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24 March

How-to guides have taken over everything

But real change happens outside of the parameters of pamphlets and manifestos.

By Anita Slater

We’ve all mocked a “live, laugh, love” poster at some point, a celebrity book on “living a better life”, or the mind/body trilogies stacked on smart-thinking bookshelves. But my issues are not with this genre of literature, or even with the boardroom girl-boss.

Instead, I’m concerned with how the guidebook and its related forms (pamphlets, manifestos, handbooks) has infected social justice subjects – and how this is killing critical thinking. One example is the recently published Rebel Bodies – A Guide to the Gender Health Gap Revolution by Sarah Graham (2023), billed as an “inclusive and empowering manifesto for change in women’s healthcare”. It is a distinctly utility-based approach to ridding ourselves of gender disparities in healthcare. Similar is How Men can Help – A Guide to Undoing Harm and Being a Better Ally by Sophie Gallagher (2022), sold as an essential book for any man who is or wishes to become right-thinking. “A guide to” used to merely preface travel books but now there is a slew of graphic guides and concept books across every subject area: feminist manifestos, and various forms of “miniature literature”.

It’s not really about the size of these books, or necessarily the content. It’s fact they demarcate a border around a crisis. They contrast with texts such as Amber Husain’s Replace Me (2021), which didn’t pretend to be anything other than a critically engaged polemic (in this case on precarious employment and capitalism). Online, guidebooks go so far as to be customisable – the BBC has a popular personalised guide to saving money.

[See also: Feminism Against Progress by Mary Harrington review]

This would not be a problem if it was all about Spark Notes and Cliff Notes – breaking down GCSE syllabus texts. But the how-to guides are extending to subjects of greater import than Wuthering Heights: ending capitalism, the feminist revolution – no subject is too big. It is implied there is a beginning and an end to solving such crises.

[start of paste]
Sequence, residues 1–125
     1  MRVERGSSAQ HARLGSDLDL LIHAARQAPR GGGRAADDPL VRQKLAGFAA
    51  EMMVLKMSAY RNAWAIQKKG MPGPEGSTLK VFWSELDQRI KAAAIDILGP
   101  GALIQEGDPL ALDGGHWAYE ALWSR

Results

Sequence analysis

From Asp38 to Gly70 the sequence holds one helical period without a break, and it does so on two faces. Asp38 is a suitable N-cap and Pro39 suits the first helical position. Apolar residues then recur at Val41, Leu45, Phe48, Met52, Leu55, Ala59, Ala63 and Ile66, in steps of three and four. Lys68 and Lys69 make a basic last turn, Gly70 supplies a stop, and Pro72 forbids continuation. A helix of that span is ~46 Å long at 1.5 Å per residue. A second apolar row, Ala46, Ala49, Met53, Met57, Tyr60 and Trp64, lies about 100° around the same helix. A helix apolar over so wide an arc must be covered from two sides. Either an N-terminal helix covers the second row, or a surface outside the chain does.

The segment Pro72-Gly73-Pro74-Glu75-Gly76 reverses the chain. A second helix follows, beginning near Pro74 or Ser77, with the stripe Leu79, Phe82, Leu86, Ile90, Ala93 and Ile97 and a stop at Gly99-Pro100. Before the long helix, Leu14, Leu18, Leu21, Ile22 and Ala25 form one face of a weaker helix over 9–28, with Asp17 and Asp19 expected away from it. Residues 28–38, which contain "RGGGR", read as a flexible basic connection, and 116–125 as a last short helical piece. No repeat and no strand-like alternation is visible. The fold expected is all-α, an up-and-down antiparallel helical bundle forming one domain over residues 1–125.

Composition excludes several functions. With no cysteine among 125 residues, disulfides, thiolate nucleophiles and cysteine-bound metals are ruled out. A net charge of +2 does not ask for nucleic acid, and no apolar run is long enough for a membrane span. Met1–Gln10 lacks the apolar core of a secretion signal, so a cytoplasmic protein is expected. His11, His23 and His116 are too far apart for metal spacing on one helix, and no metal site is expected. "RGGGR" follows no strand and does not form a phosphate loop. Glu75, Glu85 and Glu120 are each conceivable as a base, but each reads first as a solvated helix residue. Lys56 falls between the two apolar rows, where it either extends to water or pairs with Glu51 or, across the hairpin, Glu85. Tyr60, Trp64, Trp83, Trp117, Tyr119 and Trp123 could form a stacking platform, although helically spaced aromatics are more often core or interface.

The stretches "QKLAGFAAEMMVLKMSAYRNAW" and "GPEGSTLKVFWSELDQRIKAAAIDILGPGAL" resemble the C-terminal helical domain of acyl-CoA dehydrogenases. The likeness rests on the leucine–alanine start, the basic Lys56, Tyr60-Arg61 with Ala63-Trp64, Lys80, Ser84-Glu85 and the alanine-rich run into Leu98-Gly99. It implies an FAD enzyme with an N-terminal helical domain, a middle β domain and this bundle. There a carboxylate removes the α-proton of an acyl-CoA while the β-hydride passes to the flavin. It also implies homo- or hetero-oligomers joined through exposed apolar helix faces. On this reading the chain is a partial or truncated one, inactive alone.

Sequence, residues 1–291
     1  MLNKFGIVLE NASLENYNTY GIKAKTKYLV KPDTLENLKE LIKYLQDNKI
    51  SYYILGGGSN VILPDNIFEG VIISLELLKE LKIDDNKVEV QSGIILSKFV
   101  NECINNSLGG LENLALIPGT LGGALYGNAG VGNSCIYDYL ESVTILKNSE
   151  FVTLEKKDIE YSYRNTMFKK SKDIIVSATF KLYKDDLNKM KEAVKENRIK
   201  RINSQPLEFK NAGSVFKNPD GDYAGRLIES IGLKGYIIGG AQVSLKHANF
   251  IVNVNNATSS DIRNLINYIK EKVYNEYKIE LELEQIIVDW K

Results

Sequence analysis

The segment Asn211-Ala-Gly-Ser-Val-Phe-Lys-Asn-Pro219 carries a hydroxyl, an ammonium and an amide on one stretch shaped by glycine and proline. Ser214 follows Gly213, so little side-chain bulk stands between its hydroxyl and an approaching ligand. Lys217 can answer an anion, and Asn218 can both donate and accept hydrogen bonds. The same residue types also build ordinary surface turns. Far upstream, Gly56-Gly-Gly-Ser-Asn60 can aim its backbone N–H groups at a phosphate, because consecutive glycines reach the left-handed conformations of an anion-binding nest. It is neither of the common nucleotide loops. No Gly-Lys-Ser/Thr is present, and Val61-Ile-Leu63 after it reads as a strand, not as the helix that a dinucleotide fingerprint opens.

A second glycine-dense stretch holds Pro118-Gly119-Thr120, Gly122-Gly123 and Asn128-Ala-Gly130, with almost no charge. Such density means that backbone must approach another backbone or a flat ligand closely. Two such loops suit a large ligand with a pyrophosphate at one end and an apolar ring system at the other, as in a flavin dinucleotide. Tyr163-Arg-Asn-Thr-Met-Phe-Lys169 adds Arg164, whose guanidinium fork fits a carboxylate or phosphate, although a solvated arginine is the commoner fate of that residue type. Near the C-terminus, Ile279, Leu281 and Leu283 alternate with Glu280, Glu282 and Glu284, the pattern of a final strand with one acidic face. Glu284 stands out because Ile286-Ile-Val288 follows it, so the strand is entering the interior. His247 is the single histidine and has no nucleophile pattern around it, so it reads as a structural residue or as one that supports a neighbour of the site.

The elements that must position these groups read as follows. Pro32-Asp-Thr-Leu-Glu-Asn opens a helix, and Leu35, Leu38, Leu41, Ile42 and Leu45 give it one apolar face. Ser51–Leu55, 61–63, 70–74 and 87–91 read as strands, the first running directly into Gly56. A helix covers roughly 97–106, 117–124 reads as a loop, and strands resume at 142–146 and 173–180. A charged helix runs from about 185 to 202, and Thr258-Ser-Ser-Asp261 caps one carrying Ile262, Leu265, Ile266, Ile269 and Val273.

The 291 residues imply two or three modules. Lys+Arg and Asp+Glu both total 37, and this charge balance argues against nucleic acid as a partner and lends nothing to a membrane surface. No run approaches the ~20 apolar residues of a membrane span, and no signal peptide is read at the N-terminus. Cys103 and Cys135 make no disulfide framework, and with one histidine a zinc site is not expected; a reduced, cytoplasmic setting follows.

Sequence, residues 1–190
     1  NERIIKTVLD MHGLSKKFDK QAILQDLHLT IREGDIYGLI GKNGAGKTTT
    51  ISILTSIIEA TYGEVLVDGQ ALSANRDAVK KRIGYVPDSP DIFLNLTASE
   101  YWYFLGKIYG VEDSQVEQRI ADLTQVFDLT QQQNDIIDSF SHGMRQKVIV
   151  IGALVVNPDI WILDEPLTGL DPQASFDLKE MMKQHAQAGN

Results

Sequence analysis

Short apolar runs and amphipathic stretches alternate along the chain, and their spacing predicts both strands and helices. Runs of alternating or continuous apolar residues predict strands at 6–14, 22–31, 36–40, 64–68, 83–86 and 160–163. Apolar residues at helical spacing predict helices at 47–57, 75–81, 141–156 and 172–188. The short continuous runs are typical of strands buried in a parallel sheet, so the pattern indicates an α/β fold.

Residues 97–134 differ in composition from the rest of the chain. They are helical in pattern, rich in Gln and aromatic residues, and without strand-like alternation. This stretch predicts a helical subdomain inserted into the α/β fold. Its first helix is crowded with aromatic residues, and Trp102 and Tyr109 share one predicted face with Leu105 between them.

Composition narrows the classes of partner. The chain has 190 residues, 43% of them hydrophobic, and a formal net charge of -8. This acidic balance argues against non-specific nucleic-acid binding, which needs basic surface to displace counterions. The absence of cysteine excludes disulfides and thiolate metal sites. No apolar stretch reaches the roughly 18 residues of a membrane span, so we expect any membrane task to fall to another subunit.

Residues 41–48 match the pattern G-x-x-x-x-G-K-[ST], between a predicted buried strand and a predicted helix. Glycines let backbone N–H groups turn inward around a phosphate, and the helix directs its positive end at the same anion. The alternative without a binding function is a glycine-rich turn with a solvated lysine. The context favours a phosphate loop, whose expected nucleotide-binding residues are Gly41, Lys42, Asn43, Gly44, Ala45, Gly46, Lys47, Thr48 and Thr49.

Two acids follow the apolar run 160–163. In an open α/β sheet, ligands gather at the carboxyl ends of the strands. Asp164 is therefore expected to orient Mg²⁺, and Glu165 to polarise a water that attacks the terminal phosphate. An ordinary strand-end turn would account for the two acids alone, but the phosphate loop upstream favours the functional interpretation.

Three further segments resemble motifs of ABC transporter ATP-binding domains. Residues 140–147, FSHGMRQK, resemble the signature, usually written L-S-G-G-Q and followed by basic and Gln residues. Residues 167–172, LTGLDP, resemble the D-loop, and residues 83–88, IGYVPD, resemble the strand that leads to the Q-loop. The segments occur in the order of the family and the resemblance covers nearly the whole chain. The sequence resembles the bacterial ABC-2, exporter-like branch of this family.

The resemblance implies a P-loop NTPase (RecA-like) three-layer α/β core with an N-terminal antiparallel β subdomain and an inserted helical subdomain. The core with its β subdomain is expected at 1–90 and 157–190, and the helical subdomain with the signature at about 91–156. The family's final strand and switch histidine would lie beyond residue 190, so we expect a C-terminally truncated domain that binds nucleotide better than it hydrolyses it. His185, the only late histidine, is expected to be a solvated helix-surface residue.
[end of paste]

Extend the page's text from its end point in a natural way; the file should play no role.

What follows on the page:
Furthermore, our obsession with instructive thinking, lukewarm advice and tracing-paper approaches means we don’t see how “social change” can happen randomly or unintentionally, out of the bounds of these guidebooks. Perhaps this is no surprise given that oblique ways of learning are going out of vogue – the government is currently taking a decidedly vocational turn, favouring “practical” subjects over poetry.

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Are how-to books so popular because it is harder (if more rewarding) to dwell on the “why” instead of the “how-to”? I’m not arguing for the glorification of dusty books with impossible prose. Nor am I proposing that we have no guidance, and are left to lose ourselves in the words. Instead, I’d suggest we turn to writers like Ursula K Le Guin who present feminism in imaginative, poetic and more-than-human terms. Or that we work with literature that subverts guidebooks wonderfully – like the pioneering theorist Sara Ahmed’s recent The Feminist Killjoy Handbook (2023).

The squirm-inducing statement “well-behaved women seldom make history” may have made it onto a host of T-shirts and novelty mugs, yet here we are playing by the rules of all these social justice manuals.

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[See also: The uncomfortable truths of Hag feminism]

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